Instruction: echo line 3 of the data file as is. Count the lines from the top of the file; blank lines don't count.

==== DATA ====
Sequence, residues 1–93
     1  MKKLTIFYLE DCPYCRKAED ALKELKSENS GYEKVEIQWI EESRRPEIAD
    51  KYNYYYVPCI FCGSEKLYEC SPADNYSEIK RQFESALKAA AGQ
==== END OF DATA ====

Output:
    51  KYNYYYVPCI FCGSEKLYEC SPADNYSEIK RQFESALKAA AGQ